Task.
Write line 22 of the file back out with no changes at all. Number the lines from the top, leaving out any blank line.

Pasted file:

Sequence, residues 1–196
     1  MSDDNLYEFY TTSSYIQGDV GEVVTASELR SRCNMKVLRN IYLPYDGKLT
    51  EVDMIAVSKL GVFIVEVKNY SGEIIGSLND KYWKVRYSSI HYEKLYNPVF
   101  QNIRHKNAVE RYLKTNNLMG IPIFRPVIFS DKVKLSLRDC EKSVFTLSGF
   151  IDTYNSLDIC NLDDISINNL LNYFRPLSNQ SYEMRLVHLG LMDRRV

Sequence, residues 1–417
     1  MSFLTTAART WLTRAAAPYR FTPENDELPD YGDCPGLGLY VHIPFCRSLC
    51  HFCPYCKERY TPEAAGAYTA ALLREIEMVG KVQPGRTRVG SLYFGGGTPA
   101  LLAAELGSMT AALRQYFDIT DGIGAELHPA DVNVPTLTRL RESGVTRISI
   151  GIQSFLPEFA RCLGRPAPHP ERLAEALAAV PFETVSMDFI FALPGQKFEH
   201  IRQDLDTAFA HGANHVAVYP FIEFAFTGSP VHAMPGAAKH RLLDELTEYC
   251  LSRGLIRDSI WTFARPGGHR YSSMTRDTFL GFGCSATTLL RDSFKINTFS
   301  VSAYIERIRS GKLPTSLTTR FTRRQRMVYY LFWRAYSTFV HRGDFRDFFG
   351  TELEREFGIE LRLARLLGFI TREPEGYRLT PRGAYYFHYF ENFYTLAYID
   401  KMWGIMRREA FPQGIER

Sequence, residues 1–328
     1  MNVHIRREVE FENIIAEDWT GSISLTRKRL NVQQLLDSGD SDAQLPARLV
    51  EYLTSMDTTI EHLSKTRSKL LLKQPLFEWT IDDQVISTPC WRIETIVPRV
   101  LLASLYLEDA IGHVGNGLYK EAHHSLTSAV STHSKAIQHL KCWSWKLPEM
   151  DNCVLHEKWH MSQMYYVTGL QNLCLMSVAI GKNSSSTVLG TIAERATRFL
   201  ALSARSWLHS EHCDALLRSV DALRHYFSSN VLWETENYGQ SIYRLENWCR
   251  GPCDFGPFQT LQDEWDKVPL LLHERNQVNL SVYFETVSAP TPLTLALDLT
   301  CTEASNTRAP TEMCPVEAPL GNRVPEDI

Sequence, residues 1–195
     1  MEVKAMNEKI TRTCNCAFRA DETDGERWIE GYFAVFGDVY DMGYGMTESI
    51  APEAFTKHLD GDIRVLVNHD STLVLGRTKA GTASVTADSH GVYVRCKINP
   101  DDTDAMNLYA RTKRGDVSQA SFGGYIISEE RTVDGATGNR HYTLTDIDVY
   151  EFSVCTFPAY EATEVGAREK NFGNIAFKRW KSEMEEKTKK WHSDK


   251  GPCDFGPFQT LQDEWDKVPL LLHERNQVNL SVYFETVSAP TPLTLALDLT